Use the green saturation slider to adjust red and blue values
relative to the green value. Use the green hue slider to adjust
red and blue values relative to each other. Tweaking the hue
slider will sometimes cause the green saturation value to change
(e.g. from 118 to 117). That's ok. Just keep tweaking the hue
sliders until the green sampler shows values that are
proportional to the target image's green patch values.
For my example, here is what I got:
Notice how my values for the green sampler (sampler 8) have
the same ratios of R to G to B (84 to 117 to 72) as the green
patch in my target image (80 to 112 to 69). For your own case,
the necessary green hue and saturation slider values may be entirely different
from mine, so don't simply enter the slider values from
my example image above!
Next, switch to the blue patch (row 3, column 1) and its sampler. Repeat the
process with the blue saturation and hue sliders. The goal is
to get the values of the blue patch in ACR to be proportional to
the blue patch values of the target image.
Here is what I got:
After this step, you'll probably find that the sampler values
for the green patch have changed and may not be balanced
properly. That's ok. Don't worry about this for now; we'll
come back to it later.
Repeat the process for the red patch (row 3, column 3) and the red saturation and
Here is what I got:
- This completes one round of color slider tweaking in the Calibrate
tab. As I mentioned above, the red sampler might now show a
balanced set of values, but the green and blue sampler
values are probably off. In my example above, you can see that this
is indeed the case. They shouldn't be off by too much, though.
By repeating the above three steps, we'll quickly converge on
a balanced set of red, green, and blue patches.
Fine-tune the sliders by repeating the above steps, starting with
green, then blue, then red.
In most cases you shouldn't need more than three or four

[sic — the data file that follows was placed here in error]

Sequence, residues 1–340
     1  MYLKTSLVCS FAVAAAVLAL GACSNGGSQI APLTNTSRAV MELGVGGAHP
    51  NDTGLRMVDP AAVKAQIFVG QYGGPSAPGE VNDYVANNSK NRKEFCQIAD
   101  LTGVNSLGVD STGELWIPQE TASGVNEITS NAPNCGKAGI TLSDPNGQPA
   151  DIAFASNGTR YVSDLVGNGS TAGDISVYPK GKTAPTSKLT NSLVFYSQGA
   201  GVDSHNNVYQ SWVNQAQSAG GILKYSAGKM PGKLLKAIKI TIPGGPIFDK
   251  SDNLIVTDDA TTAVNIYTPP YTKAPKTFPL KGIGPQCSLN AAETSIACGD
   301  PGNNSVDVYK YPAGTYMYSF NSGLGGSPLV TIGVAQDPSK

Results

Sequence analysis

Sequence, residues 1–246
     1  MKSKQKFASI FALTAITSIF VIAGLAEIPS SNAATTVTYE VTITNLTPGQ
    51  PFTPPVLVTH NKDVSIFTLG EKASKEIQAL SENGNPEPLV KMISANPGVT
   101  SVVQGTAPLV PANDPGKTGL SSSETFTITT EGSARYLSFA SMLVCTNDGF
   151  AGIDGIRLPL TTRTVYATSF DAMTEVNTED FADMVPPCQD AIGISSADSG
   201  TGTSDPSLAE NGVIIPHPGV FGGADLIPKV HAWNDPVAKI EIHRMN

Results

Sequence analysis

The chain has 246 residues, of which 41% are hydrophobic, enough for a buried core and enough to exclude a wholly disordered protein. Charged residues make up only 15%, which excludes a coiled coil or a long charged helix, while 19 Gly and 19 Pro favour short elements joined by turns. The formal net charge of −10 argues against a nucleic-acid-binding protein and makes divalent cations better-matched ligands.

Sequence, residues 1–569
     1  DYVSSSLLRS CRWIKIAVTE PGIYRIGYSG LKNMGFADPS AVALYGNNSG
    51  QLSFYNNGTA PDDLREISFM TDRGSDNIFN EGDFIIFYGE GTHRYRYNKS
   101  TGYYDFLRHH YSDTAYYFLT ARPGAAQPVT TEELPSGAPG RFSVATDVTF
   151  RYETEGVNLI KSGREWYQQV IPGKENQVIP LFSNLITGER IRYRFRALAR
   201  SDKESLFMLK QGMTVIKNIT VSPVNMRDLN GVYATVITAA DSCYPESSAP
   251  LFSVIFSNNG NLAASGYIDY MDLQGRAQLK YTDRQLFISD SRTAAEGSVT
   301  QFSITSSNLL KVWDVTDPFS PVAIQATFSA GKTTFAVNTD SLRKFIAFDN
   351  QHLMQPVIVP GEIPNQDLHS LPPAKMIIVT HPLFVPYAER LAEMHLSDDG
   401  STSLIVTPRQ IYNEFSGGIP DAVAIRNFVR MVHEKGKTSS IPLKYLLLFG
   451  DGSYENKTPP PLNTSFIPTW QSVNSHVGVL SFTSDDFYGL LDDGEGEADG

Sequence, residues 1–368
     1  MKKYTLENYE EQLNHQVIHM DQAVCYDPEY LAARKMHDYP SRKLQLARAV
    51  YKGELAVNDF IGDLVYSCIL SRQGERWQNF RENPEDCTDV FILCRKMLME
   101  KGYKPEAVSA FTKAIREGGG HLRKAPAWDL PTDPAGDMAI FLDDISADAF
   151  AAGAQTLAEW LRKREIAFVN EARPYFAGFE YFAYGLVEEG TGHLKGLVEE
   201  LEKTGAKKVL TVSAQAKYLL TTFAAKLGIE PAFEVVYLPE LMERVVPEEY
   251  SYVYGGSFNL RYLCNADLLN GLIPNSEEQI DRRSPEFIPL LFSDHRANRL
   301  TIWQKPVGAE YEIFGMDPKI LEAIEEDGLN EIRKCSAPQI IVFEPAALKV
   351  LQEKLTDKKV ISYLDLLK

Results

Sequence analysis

iterations. Once you become comfortable with how the hue and
saturation sliders work in the Calibrate tab, this iterative
process should only take a few minutes.
After 3 more iterations, I converged to this:
While the values of the red, green, and blue patches don't
match exactly with the ones produced by the target
converter, the have the same color component balance (i.e.,
the ratio of red to green to blue within each patch is
about the same).
- Wow, that was a lot of work! Better not let it go to waste,
then. Save your calibration settings
by going to the right-triangle pop-up menu and choosing "Save
settings subset ...".
In the dialog box that comes up, choose
"Calibration" from the Subset menu and click the "Save..."
button. If you like, you can also save the tone curve used by
checking the "Tone Curve" box, too.
Give the target .xmp file a descriptive name, such as
Now whenever you want to apply the color rendering of your target
converter to an image, all you have to do is choose your saved
file from the Image Settings menu in ACR! If you also saved the tone
curve in the .xmp file, you'll match the tonality, too.
Here's a photograph I took in Vermont in October 2004. The tree's
leaves had a deep red color, and I recall struggling with ACR to obtain